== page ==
This is the part where our designers can really unleash all creativity. The first prototypes are made based on the sketches in Sketch. After some back and forth contact with the client, the idea of ​​the app is made visible and clickable in InVision. The client also has access to the prototypes and wireframes, so that changes can be made quickly. The style is determined on the basis of the house style, documentation and branding.

final design

The dots are being put on the i and the champagne is in sight. A complete and clickable design shows what the app will look like in the future. The final design can be tested, by the team and by users. The result: an almost ready-made vision of the end product in a clickable prototype.

UI designs

Why are we considering moving away from this UI design process?

Not only we as app developers innovate, the technical field in which we work changes at least as quickly. A lot has changed in the development process over the years. InVision and Sketch have not kept up with all these changes quickly enough in our opinion. For example, there is no support to design Dark Mode as it must be implemented by our programmers. In addition, we cannot design animations and screen transitions in these tools to give the programmers and customers an even clearer picture of the design team's vision.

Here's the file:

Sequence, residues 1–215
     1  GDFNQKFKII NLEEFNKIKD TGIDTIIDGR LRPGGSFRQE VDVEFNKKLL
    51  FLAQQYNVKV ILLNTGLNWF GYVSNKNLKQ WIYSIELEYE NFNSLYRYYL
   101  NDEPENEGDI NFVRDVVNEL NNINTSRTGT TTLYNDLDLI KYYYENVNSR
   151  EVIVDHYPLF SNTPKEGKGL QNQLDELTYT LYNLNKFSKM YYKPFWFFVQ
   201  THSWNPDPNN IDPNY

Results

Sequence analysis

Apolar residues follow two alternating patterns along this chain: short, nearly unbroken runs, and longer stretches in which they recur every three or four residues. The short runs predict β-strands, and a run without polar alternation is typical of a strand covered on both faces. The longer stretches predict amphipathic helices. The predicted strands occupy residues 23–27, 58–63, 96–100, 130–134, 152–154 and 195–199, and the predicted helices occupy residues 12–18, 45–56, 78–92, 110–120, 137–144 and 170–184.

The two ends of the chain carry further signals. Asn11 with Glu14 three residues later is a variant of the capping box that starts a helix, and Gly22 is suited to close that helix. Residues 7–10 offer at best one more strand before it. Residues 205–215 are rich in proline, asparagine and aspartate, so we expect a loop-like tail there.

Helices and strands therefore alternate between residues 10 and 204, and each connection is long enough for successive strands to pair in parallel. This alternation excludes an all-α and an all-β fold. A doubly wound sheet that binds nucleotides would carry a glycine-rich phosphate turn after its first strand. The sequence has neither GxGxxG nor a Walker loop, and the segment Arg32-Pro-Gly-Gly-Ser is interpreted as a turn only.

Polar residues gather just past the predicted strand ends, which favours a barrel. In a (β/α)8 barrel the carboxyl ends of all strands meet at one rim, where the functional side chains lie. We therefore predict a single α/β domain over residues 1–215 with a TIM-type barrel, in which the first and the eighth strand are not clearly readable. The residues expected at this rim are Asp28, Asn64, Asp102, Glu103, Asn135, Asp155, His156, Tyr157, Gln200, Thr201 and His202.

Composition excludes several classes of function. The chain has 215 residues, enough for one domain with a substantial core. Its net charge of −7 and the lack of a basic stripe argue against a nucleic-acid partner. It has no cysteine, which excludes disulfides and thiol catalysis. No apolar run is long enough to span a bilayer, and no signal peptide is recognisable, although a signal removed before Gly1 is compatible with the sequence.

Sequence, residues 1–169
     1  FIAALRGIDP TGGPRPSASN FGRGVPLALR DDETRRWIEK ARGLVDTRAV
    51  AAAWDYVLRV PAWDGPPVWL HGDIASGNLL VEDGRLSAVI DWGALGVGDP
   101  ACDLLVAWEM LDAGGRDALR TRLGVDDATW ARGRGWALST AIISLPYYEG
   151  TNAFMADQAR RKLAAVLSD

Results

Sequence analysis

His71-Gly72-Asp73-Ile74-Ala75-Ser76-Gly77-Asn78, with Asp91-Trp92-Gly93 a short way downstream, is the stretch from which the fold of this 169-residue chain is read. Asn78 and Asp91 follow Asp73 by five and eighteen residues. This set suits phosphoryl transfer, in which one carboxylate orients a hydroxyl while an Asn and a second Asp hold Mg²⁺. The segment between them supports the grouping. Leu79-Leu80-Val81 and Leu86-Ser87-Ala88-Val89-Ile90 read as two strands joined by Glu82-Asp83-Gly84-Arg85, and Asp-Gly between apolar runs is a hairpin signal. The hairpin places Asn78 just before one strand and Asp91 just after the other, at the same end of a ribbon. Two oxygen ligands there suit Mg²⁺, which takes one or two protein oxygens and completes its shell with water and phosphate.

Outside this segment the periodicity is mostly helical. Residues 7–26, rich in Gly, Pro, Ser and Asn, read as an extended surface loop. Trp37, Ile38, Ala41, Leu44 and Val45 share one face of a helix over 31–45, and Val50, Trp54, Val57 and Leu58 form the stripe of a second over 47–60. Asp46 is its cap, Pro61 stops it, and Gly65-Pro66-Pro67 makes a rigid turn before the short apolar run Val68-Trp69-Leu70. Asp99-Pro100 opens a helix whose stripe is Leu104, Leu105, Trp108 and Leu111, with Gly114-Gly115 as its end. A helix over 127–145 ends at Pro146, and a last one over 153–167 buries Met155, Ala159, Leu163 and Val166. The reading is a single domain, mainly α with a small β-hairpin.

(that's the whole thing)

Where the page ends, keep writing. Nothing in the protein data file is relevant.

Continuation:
The prototype InVision is used by the app developers as a source of information. This way they can see the fonts, colors and spacing that they ultimately have to build in the app. However, because Sketch and InVision do not communicate optimally with each other, this is not always possible. For example, when Sketch adds a new functionality, InVision is not always set up for this. Our development team soon asked if there wasn't a more efficient tool for the transfer, because InVision was increasingly giving ambiguities about information that is crucial for the development team. Our UX and UI designers also benefit from a program with more functions. Both Sketch and InVision have stood still with new innovations in recent years, while the competition has caught up with them.

Welcome to the design team: Figma!

It's time to try something new. We found a tool that merges Sketch and InVision into one product: Figma. This interactive UI design tool combines design, prototyping and delivery to the developers team in one. This may make this tool more efficient for both our internal app development process and for our customer. 

There are several benefits of Figma:

  • All designs are in the cloud
  • Multiple designers can work on a design at the same time
  • The clickable prototypes can have animations
  • Dark mode support in one design